JASON S. SLAKTER, MD
For anyone who has ever had a high school senior waiting for that letter from the Admissions Office determining his/her acceptance or rejection from the college of their choice, you know what it means to go through the agony of uncertainty. In recent years, there is the interminable wait for the day that the students can log on to college Web sites and learn their fate, something that proves difficult for everyone in the family. There are some schools, however, that still send letters by mail. This adds to the seemingly endless anticipation, as you wait for the mail to arrive, then frantically search through the letters and advertising flyers, only to find the longed-for document is still missing. Ultimately, the anxiety reaches a point at which you feel like chasing the mailman down the block to find out if he might be carrying the letter.
While the college admissions process may be a unique event in our lives, we encounter individuals with worries and anxieties of their own every day. We frequently see the concern on the faces of new patients when they present for evaluation, waiting to learn if their symptoms are easily explained and benign in nature or represent the onset of a chronic, potentially blinding disorder. Even patients who have been followed and treated for years experience trepidation over the findings that we may uncover, such as new exudation requiring injection, or, worse, damage to the retina that has resulted in irreparable vision loss.
I find that one way to make the situation more tolerable is to provide a “running commentary” of my findings as I go through the exam process. This eases some of the tension patients experience waiting for my “decision” on their status, even when there may be untoward outcomes or poor prognostic findings. One of the greatest advances in our field has been the advent of digital imaging, which permits us the ability to provide immediate feedback on the results of diagnostic testing. In addition to allowing us to more clearly explain the findings to the patients, we can also avoid the anxiety-provoking wait for test results, a situation too often found in many other fields of medicine.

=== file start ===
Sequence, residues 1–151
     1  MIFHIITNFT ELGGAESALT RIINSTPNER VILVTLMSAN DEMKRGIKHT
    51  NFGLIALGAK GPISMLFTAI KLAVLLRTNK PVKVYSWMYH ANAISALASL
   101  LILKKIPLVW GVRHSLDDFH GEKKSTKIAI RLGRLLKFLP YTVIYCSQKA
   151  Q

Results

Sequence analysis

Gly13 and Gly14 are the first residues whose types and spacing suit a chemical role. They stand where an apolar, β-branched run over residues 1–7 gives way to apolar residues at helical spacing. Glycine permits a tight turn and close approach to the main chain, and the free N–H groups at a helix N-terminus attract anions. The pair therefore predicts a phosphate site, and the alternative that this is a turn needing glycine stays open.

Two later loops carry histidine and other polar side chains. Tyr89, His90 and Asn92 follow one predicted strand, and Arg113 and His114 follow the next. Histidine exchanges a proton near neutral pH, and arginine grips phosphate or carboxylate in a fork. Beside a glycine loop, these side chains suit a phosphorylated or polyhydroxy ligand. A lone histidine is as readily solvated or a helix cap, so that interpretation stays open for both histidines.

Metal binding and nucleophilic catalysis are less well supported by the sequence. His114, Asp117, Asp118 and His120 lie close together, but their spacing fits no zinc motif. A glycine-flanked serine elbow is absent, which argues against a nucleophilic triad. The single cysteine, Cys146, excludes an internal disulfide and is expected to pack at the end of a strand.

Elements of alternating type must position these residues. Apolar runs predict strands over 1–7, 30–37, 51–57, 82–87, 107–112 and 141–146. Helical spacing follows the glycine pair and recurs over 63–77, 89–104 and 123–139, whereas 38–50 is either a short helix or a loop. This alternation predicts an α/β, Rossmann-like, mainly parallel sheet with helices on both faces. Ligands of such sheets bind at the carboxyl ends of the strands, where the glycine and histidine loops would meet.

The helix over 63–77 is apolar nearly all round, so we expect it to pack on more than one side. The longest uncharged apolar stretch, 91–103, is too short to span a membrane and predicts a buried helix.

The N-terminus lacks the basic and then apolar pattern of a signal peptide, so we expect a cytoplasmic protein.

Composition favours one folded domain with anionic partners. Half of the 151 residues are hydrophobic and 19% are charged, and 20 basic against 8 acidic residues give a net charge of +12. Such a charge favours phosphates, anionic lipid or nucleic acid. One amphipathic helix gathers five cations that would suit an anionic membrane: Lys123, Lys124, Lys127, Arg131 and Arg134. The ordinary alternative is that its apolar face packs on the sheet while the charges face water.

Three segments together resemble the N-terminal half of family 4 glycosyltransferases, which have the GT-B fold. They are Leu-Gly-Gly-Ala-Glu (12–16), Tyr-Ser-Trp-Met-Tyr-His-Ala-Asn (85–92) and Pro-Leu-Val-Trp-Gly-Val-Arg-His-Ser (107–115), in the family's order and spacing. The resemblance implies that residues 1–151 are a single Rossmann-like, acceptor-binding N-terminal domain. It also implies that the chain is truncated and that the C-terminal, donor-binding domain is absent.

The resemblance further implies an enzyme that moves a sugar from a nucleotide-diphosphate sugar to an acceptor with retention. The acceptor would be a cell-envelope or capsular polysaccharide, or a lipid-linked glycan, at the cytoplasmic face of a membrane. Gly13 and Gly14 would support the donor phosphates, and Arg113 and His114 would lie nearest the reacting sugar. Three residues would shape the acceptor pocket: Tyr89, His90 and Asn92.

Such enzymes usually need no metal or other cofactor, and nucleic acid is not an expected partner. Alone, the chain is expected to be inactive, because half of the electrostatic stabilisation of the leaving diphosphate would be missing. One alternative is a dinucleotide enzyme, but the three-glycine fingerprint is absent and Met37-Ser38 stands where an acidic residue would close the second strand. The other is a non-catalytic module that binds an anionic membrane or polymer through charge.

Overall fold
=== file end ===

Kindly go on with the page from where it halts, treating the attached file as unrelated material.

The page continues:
Of course, medicine in general faces its own significant and growing uncertainties. For several years now, we have been told of impending reimbursement cuts for procedures and diagnostic tests and then tensely awaited news of whether Congress would rescind these reductions in favor of a more logical and sane approach to this situation. Unfortunately, our anxiety has increased dramatically over the last several months related to the new healthcare legislation now under consideration. We are forced to cope with rumors, conflicting press reports and ambiguous legislative proposals that may have a dramatic impact on our ability to practice medicine or survive as independent physicians. I look forward to some type of clarity in this situation, which would go a long way toward alleviating my own anxiety.
As an aside, and to prove that I do draw upon personal experience in preparing the Upfront column for Retinal Physician, my wife did indeed chase the mailman down this past week to obtain my daughter's decision letter for college.